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Theres salinity in my soil !

 
Ronaldo Montoya
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Hi, in the soil of the forest garden im starting ( i just planted some pionner trees) there is a herb called "heliotropium curasavicum". This herb is scattered around the land, almost everywhere in the land there is this herb.
I found in a book that this herb is an indicator that theres presence of salinity in the soil.
So i was wondering, in which ways salinity can affect a forest garden?

I just planted some pionner trees in the land and im gonna start mulching...
Is there any strategy for fixing this salinity? Or just mulching and pionner trees would fix this? any idea?

 
Leila Rich
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Ronaldo, my first searches only had 'found all over South America' type stuff.
Could you link the info about salinity?
 
Dale Hodgins
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You need to test your soil and not judge by one indicator plant. Saline soil is one of the worst things that can be wrong with land. There are many ways to help remediate the problem and there are plants that will survive some degree of salinity. Check with others in your area to see what problems they have.

Where are you ? How much rain do you get ? Arid areas are more likely to experience salt build up. Is irrigation water available ? Often water available in dry areas can make matters worse if it is only added in enough quantity to make up for evaporative losses. Salt can be washed out, but vast quantities of water are needed. Salt can also be locked up in the lower soil and not be a problem for some plants. Check out geoff lawton - Greening the desert. He has successfully dealt with salt.

Also check out soil salinity in Australia. Many areas of the continent had salt in the soil but were still productive until modern farming and irrigation methods destroyed everything by bringing that salt up. While you are at it, read about the history of soil management in general on that continent. It reads like a cautionary tale. Everything that could go wrong has. Their agriculture has been like a mining operation where soil is traded for food. Our goal should be to get food while improving our soil.
 
Ronaldo Montoya
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Leila, here is a link, but its in spanish.

http://www.kew.org/science/tropamerica/peru/resources/Plantas_de_Ica_ed2_sec2_lr.pdf

It doesnt have too much info, it says:

"indicator of places where there is presence of salinity"






Leila Rich wrote:Ronaldo, my first searches only had 'found all over South America' type stuff.
Could you link the info about salinity?
 
Ronaldo Montoya
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Dale, im in Peru, in a valley, here it never rains and theres sun all the time, im very near from the river and there is a lot of water from the river, i have 2 water channels in 2 sides of my land with fresh water always running.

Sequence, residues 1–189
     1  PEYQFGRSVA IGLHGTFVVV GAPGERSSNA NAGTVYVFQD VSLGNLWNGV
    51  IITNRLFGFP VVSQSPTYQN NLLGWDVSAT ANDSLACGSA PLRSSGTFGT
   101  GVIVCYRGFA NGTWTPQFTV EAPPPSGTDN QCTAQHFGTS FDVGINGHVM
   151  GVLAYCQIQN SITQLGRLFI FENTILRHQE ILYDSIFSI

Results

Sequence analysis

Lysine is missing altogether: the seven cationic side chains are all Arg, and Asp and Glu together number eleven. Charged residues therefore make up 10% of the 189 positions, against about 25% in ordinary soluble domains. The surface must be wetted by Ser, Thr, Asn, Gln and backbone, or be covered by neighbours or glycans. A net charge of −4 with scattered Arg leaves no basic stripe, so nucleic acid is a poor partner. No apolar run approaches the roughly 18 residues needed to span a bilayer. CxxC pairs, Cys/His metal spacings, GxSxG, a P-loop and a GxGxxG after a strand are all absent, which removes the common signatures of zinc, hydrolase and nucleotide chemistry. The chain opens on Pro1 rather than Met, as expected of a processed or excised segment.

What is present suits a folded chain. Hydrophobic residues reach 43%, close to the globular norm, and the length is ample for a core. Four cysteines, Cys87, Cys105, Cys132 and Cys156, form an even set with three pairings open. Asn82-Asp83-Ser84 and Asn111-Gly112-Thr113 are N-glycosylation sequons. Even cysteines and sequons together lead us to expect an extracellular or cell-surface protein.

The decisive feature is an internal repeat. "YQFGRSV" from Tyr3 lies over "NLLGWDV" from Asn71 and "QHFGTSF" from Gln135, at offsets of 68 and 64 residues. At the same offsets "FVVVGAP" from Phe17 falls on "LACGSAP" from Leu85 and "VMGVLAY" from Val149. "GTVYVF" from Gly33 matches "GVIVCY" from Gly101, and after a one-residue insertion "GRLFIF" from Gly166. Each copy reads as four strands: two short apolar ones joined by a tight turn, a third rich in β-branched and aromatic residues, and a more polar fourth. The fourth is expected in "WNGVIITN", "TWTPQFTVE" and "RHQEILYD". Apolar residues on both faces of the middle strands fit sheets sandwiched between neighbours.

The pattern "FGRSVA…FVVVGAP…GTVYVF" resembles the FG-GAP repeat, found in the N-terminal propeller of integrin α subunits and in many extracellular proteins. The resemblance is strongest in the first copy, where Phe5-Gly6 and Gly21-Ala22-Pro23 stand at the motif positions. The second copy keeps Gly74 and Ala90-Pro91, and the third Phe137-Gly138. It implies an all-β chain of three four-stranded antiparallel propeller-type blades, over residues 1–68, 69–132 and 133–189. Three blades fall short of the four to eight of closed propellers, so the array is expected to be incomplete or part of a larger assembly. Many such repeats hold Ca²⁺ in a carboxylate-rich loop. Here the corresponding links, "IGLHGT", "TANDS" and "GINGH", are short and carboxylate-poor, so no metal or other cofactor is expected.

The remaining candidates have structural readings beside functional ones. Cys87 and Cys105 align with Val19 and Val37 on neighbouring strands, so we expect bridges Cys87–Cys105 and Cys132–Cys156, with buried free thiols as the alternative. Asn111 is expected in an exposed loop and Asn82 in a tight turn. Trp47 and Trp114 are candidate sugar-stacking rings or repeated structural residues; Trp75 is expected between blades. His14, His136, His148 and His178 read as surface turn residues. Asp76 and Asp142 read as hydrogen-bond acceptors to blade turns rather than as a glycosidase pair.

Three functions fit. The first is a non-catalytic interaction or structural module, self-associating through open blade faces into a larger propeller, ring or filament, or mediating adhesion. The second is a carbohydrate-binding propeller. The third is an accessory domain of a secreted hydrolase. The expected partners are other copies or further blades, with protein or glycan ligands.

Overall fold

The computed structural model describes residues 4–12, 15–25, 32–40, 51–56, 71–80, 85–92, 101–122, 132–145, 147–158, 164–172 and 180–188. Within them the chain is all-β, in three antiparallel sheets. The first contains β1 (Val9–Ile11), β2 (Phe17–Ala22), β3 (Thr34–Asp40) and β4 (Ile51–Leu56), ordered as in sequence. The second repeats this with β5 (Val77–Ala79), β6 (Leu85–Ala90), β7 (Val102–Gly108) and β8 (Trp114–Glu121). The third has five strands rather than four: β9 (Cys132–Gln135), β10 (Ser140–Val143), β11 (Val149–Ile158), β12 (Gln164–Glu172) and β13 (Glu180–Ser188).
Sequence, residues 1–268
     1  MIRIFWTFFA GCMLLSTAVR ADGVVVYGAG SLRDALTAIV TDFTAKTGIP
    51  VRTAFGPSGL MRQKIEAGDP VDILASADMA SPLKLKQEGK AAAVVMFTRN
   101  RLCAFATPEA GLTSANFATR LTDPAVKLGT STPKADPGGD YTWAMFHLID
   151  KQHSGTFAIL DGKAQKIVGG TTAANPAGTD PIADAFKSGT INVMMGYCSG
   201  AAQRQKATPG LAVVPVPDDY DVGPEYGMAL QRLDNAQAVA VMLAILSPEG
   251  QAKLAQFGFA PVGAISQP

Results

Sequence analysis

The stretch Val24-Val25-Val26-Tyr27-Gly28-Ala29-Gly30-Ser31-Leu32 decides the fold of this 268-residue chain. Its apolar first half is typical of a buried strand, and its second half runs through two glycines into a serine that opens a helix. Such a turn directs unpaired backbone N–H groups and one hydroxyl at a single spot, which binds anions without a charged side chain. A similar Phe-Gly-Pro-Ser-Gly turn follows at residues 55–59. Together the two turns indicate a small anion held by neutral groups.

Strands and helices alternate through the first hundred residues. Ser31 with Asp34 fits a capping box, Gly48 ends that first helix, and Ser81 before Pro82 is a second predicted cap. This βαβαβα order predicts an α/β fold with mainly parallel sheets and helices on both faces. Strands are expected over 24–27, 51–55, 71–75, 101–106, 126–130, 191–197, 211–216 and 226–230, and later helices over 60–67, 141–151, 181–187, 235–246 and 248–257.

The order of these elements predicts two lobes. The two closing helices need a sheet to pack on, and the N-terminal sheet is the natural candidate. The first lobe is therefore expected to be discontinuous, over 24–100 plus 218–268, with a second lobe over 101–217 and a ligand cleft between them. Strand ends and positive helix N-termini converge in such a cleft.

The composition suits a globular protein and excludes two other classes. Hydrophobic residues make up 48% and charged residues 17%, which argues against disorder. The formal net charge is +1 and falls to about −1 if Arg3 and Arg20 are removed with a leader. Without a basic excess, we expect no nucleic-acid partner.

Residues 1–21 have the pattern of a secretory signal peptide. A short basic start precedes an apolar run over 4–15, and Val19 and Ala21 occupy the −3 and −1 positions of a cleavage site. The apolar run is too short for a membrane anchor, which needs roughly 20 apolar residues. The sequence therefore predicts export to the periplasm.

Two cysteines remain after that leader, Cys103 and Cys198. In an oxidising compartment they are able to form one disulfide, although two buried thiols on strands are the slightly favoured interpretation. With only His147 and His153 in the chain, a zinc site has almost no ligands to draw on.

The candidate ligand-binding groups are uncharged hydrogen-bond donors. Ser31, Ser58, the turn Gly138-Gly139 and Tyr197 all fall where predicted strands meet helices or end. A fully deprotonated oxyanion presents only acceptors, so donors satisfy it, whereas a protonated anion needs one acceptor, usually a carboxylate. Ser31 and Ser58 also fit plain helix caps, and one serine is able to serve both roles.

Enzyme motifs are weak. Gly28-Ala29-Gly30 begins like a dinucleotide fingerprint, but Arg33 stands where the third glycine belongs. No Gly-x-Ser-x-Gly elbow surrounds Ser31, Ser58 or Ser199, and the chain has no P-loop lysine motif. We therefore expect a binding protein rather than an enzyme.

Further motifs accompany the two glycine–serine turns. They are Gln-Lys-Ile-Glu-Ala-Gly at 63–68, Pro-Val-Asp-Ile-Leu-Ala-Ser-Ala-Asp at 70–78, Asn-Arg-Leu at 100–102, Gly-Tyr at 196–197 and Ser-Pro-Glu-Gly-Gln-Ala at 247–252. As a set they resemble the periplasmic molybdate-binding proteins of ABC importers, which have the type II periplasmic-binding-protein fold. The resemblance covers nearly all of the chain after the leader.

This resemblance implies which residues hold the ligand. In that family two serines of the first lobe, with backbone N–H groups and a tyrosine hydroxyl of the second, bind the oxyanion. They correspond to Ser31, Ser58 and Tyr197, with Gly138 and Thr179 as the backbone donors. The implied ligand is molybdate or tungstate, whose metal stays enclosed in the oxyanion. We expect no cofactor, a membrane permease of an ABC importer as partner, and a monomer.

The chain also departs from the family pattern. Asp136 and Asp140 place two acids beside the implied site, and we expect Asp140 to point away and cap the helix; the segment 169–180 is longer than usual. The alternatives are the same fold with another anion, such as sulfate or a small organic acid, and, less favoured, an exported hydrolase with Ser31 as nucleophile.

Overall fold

In the places near the water channels there are a lot of plants and trees and the soil is full of life, with lots of insects and worms, but in the middle of the land the soil is without plants( bare soil) in a lot of places mixed with differents herbs , in those places the color of the soil is white in the surface.

Is it a good idea to irrigate the land always?
At this moment im just irrigating in the places i planted my trees, i made a water channel that crosses my land and connect the 2 water channels i have in each side.

Do you think is a good idea irrigating the parts with white soil and bare soil?

I irrigated once all the land and in a few time all became fulled of johnson grass.










Dale Hodgins wrote:You need to test your soil and not judge by one indicator plant. Saline soil is one of the worst things that can be wrong with land. There are many ways to help remediate the problem and there are plants that will survive some degree of salinity. Check with others in your area to see what problems they have.

Where are you ? How much rain do you get ? Arid areas are more likely to experience salt build up. Is irrigation water available ? Often water available in dry areas can make matters worse if it is only added in enough quantity to make up for evaporative losses. Salt can be washed out, but vast quantities of water are needed. Salt can also be locked up in the lower soil and not be a problem for some plants. Check out Geoff Lawton - Greening the desert. He has successfully dealt with salt.

Also check out soil salinity in Australia. Many areas of the continent had salt in the soil but were still productive until modern farming and irrigation methods destroyed everything by bringing that salt up. While you are at it, read about the history of soil management in general on that continent. It reads like a cautionary tale. Everything that could go wrong has. Their agriculture has been like a mining operation where soil is traded for food. Our goal should be to get food while improving our soil.
 
Dale Hodgins
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First, make sure that you have legal access to the water. I'm assuming that the dry land is salty and that it is at a higher elevation than the more productive land. Salt can be washed out. Irrigation alone can add to the salt load. You must provide drainage back to the river. The route to the water must not dump salty water onto your good soil.

Find someone local who irrigates and see how they return water to the river. But first, ensure that the land is salty and that using river water to flush it is legal. Downstream users of the river, will be getting more salt than before. If they are irrigating, this could be a problem. If there is a flood season, when an excess of water rushes to the ocean and is not needed by others, this is the best time to do it.
 
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